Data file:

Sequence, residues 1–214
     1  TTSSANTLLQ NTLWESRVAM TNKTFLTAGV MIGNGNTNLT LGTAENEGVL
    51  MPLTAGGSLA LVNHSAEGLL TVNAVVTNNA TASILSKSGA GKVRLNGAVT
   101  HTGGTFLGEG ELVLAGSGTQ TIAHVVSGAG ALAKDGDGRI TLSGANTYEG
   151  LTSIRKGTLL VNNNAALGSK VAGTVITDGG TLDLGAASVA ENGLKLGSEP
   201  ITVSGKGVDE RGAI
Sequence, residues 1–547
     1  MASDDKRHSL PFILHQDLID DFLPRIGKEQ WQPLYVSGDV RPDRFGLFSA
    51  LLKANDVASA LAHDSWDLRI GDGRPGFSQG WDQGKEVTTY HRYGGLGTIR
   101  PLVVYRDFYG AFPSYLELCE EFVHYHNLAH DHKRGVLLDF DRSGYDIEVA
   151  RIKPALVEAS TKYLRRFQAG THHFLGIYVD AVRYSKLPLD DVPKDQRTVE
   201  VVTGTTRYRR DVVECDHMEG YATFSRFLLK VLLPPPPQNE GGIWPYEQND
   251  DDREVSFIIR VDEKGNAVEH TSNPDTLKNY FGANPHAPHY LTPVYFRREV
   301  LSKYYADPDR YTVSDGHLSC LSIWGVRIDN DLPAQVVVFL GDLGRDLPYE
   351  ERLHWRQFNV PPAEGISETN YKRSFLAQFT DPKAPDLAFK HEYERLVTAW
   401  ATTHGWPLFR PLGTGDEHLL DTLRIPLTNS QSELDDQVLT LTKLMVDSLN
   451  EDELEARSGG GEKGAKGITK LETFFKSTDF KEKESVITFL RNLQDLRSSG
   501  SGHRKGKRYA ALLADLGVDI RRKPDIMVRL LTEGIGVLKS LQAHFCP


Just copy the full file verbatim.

Sequence, residues 1–214
     1  TTSSANTLLQ NTLWESRVAM TNKTFLTAGV MIGNGNTNLT LGTAENEGVL
    51  MPLTAGGSLA LVNHSAEGLL TVNAVVTNNA TASILSKSGA GKVRLNGAVT
   101  HTGGTFLGEG ELVLAGSGTQ TIAHVVSGAG ALAKDGDGRI TLSGANTYEG
   151  LTSIRKGTLL VNNNAALGSK VAGTVITDGG TLDLGAASVA ENGLKLGSEP
   201  ITVSGKGVDE RGAI
Sequence, residues 1–547
     1  MASDDKRHSL PFILHQDLID DFLPRIGKEQ WQPLYVSGDV RPDRFGLFSA
    51  LLKANDVASA LAHDSWDLRI GDGRPGFSQG WDQGKEVTTY HRYGGLGTIR
   101  PLVVYRDFYG AFPSYLELCE EFVHYHNLAH DHKRGVLLDF DRSGYDIEVA
   151  RIKPALVEAS TKYLRRFQAG THHFLGIYVD AVRYSKLPLD DVPKDQRTVE
   201  VVTGTTRYRR DVVECDHMEG YATFSRFLLK VLLPPPPQNE GGIWPYEQND
   251  DDREVSFIIR VDEKGNAVEH TSNPDTLKNY FGANPHAPHY LTPVYFRREV
   301  LSKYYADPDR YTVSDGHLSC LSIWGVRIDN DLPAQVVVFL GDLGRDLPYE
   351  ERLHWRQFNV PPAEGISETN YKRSFLAQFT DPKAPDLAFK HEYERLVTAW
   401  ATTHGWPLFR PLGTGDEHLL DTLRIPLTNS QSELDDQVLT LTKLMVDSLN
   451  EDELEARSGG GEKGAKGITK LETFFKSTDF KEKESVITFL RNLQDLRSSG
   501  SGHRKGKRYA ALLADLGVDI RRKPDIMVRL LTEGIGVLKS LQAHFCP